What Security & Surveillance is Really Like After Re-Opening

Interview with Derk Boss, Raving Partner and Director of Surveillance, Angel of the Winds Casino

Now that several casinos have re-opened, we caught up with Derk Boss, Director of Surveillance at Angel of the Winds Casino and longtime Raving Partner. He’s an expert in the field of gaming security and surveillance, litigation support and expert witness.

Derk has been guiding us with pre-opening advice and thoughts for the last several months. We chatted with him on our Raving On Air series and also asked him to do a more thorough follow Q&A below.

Prior to re-opening, there was a lot of speculation to what security and surveillance would look like. Now that many casinos are re-open, any surprises?

We expected that both departments would be more involved with team member and public health/safety. That did happen. We do our best to ensure people, including team members, are temperature checked and screened before they enter, that they wear their masks, and that team members continually sanitize as we prescribed in our protocols. We were surprised about the amount of time and personnel we needed to dedicate to this process. It was much longer than we expected.

We talk a lot about “guest service under the mask.” Is there a new and expanded role for security? Do they have a heightened presence and are they being called to the floor more often?

At this time and for the foreseeable future, security is primarily engaged in screening guests and team members before they enter the property. We have seen security also getting involved more often to request guests to put on or pull up their masks, and to maintain proper social distancing. This type of interaction has rapidly become a security job as they can escalate when people refuse to do as requested. I don’t see this changing for a while. It is the new normal!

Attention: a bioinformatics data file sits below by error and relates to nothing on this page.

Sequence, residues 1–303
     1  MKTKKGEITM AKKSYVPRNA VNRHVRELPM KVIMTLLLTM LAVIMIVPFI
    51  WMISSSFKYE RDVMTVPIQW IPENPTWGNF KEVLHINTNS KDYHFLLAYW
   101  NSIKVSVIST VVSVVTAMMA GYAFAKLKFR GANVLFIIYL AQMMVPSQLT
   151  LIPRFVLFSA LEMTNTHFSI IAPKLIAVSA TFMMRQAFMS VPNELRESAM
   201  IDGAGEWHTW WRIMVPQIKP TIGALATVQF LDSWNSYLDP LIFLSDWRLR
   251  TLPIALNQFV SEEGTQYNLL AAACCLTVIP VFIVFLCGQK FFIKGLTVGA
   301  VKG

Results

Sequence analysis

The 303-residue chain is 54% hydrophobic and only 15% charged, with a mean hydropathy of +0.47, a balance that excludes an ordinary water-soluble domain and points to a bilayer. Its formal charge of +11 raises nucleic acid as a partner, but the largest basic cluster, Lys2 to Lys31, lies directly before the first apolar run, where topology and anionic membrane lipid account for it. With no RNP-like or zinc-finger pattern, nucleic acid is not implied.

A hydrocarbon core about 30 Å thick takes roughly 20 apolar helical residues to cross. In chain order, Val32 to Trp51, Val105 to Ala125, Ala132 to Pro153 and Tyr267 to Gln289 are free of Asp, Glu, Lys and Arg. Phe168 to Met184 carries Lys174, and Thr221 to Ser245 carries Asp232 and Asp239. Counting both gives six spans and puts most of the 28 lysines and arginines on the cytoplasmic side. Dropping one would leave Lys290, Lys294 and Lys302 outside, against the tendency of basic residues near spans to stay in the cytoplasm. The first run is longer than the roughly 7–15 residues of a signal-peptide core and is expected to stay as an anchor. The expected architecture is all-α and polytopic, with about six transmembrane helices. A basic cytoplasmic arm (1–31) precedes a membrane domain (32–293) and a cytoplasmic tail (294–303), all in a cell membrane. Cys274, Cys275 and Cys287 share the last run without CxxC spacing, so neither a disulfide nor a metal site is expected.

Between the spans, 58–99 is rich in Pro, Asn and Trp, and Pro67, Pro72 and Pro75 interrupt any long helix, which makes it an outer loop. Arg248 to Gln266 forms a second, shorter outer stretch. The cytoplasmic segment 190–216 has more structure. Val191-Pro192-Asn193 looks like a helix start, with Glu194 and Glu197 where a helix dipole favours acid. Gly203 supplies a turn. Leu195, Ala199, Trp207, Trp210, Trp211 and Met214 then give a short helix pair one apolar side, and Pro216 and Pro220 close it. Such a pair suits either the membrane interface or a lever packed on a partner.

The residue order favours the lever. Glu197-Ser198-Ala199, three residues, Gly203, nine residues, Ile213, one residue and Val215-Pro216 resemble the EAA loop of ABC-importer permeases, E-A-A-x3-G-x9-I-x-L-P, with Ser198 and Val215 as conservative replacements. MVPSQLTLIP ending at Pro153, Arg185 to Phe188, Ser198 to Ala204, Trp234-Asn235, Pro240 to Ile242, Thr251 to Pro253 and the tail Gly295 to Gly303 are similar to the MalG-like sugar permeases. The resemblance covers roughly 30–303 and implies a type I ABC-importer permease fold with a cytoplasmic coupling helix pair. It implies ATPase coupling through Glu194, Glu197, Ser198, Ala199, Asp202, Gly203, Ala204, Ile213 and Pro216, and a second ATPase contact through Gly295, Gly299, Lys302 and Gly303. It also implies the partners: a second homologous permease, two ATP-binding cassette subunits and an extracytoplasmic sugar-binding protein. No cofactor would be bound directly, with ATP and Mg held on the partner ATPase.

Have you witnessed or heard of any guest service/security group training that has changed the way floor staff and security work together?

No programs, but we’ve learned through our experience how to respond to Covid-related issues. For example, initially we had the team members in the area remind guests to wear a mask or maintain distancing. We quickly learned that team members were getting a lot of pushback from guests and putting them in uncomfortable situation. We changed such approaches to be handled by security as often as possible and with surveillance support. We review our protocols weekly to determine if we need to increase or decrease our masking/distancing requirements.

Many areas of our nation are still in crisis mode; tensions and emotions have escalated. Front line teams doing temp checks or asking patrons to wear masks or wait in line, can and has brought out the worst in some people in all industries. Is there a change in protocol? Is this considered a heightened awareness time?

Yes, as described earlier, we try to involve security as early as possible for a public health issue. There are some individuals who will refuse to follow our requests and it can quickly escalate to an incident. We are seeing more of these. That said, almost all of our guests follow our protocols and appreciate them being in place and enforced.